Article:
Listing Type: Building

St Ninian’s Old Kirk Tower, Stirling

The largest surviving part of the church destroyed by the explosion of the Jacobite army's gunpowder on 1 February 1746 - probably as a result of an accident during the chaotic evacuation of the town.

Access

Exterior visible at all times from the adjacent graveyard.

Area of interest
1745

Wade’s Bridge, Aberfeldy

Designed by William Adam to carry the military road north, this key crossing of the River Tay was built in 1733 under the supervision of Lt-General George Wade. During the 1745 rising it was used by Government and Jacobite armies.

Access

Public access at all times. Care needed on the bridge itself as the footway is very narrow and traffic usually heavy.

Area of interest
1745

Salutation Hotel, Perth

There has been an inn on this site since 1699. One of the stories of the the origin of the name 'Salutation Inn' is that it comes from the meeting of John Burt (the proprietor) and the shaking of hands between himself and Prince Charles Edward. It is said that the Prince did not sleep at the inn but used it for meetings. The link is recorded on an external plaque on the distinctive early 19th century façade - this implies that the name was already in use at the time of the Prince's arrival.

Access

Plaque on street frontage accessible at all times.

Website

https://strathmorehotels-thesalutation.com/hotel-history/

Contact

tel: 01738 630066

Wrights Hall, Watergate, Perth

This 18th century building, on what was once the most important street in Perth, was the meeting place of the Wrights Incorporation. During the '45 it was used as a hospital. Provost James Cree, who lived on the top floor of the building was taken hostage by the Jacobite forces as surety for the payment of money by the town. One of the doorways has the date '1725' above it. The building interior has been completely gutted and rebuilt.

Access

A private building. No access to the interior.

Area of interest
1745

Nantes – Quayside of La Fosse (Quai de la Fosse)

The “Quai de la Fosse”, also known as the “Quai des Irlandais”, is located on the north bank of the Loire at the entrance to the city of Nantes. This was the quarter which, in the 18th century, was the home to the Irish merchants and shipowners. Claude Durbé, who commanded the frigate the Du Teillay and took Prince Charles Stuart to Scotland in July 1745, built his own property in 1756 at 86, Quai de la Fosse3 in the typical period Rococo style of Louis XV. The Du Teillay sailed down the Loire to Saint-Nazaire at the end of June 1745 when Prince Charles Edward Stuart embarked with his companions, the men later known as the seven men of Moidart. The Prince was also accompanied by Antoine Walsh, the owner of the ship. The Du Teillay set sail bound for Belle-Ile from the bay of Bonne Anse located just west of Saint-Nazaire on 3 July 1745 (New Style = N.S.). This little three-masted frigate referred to as a sloop was loaded with gold, arms, ammunition and supplies for Scotland. Antoine Walsh was a fervent Nantes Jacobite and merchant who had accumulated a colossal fortune, having been first a Corsair captain for king Louis XV. He became a successful shipowner and embarked in the infamous slave trade between Nantes, the west coast of Africa and Saint-Domingue, also known as the Triangular trade. As a shrewd entrepreneur and avid investor, Antoine Walsh bought sugar cane plantations in Saint-Domingue from which he drew a large part of his financial success. The “Quai de la Fosse” now hosts the memorial to the abolition of slavery and provides a pontoon to a splendid three-masted ship, a ship known on the banks of the Loire named Le Bélem (https: // www.fondationbelem.com), a vessel that reminds the past of the city of Nantes in the maritime trade.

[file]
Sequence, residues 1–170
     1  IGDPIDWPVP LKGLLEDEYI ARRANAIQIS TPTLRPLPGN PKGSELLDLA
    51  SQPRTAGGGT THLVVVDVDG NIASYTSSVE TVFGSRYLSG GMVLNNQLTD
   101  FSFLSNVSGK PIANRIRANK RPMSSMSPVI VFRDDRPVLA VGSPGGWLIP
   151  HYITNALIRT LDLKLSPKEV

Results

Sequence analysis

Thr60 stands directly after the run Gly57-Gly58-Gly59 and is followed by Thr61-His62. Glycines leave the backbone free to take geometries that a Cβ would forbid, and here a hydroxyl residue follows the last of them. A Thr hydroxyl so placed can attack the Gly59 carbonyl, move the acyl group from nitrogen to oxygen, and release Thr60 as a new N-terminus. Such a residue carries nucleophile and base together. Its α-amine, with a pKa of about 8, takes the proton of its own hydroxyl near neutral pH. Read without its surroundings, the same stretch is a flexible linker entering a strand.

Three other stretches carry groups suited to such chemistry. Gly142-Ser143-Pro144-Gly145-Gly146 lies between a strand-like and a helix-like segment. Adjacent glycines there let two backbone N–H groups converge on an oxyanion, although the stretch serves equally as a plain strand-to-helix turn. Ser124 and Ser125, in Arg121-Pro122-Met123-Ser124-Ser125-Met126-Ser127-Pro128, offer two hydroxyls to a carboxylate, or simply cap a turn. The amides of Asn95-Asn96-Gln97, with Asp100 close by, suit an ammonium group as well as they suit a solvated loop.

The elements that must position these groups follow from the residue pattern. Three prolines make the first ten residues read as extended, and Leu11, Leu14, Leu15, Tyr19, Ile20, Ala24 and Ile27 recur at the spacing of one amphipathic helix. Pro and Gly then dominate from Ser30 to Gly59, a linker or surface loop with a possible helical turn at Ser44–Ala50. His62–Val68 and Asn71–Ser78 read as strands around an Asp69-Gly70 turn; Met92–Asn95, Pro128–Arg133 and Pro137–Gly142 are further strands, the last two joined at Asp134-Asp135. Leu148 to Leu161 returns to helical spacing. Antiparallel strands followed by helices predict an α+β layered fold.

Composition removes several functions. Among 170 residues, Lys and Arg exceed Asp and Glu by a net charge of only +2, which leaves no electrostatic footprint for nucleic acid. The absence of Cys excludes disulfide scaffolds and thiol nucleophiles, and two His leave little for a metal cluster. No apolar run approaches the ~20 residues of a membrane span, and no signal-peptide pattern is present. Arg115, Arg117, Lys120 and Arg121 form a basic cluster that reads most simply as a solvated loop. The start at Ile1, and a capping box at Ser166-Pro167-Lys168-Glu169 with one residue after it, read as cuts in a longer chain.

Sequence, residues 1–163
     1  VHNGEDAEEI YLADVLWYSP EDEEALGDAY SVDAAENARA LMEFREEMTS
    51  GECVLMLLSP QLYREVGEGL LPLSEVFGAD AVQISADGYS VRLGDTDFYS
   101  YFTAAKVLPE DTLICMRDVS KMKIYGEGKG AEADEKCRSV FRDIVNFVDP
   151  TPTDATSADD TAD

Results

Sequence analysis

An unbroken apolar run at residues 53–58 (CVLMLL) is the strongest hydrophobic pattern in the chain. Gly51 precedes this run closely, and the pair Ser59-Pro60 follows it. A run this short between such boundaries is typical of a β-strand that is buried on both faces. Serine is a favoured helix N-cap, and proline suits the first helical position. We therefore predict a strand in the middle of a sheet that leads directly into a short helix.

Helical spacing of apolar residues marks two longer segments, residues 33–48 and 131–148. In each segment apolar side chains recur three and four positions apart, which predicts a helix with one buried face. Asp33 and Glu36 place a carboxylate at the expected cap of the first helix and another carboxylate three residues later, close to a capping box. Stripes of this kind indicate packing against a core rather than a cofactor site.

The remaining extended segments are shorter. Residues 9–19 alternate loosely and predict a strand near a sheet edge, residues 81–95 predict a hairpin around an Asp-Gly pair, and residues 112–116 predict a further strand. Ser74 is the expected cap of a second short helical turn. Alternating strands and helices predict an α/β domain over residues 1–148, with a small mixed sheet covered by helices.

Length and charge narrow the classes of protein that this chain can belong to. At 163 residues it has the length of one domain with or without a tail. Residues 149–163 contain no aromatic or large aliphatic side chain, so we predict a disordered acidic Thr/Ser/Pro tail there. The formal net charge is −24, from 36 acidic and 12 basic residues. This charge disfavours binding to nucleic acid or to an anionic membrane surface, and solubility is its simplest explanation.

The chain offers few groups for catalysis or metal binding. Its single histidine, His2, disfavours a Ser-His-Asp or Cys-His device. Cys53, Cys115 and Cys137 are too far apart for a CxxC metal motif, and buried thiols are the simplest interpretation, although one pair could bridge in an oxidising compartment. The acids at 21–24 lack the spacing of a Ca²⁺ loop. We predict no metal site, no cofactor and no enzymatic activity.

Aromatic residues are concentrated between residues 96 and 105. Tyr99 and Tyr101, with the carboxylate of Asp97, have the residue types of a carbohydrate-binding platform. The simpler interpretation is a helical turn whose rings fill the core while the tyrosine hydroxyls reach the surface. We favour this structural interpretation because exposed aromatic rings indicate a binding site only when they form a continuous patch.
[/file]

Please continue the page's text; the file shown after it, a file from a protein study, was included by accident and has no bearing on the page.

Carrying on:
3 The property is still known as Hôtel Durbé.

Access

Street parking, payment car park (parking Gloriette-Petite Hollande).

Website

https://memorial.nantes.fr/

Belle-Ile-en-mer – Port of Le Palais and bay of Ramonette

The Du Teillay with Prince Charles Stuart on board sailed throughout the night of 4 July 1745 (N.S.) to finally lay anchor in the bay just south-east off the fortified port of Le Palais in Belle-Ile, most probably by the beach of Ramonette located a mile east. The Prince had to wait on board the Du Teillay until 13 July 1745 for the arrival of her escort, L’Elisabeth, a vessel of the line of 64 guns built in Brest in 1722 and loaded with more than 500 men of infantry and crew on board. The two ships did not leave Belle-Ile for the south-west coast of Brittany until 15 July 1745 (N.S.). It is said that, during the ten days in Belle-Ile the Prince occupied his free time by learning the art of sea fishing.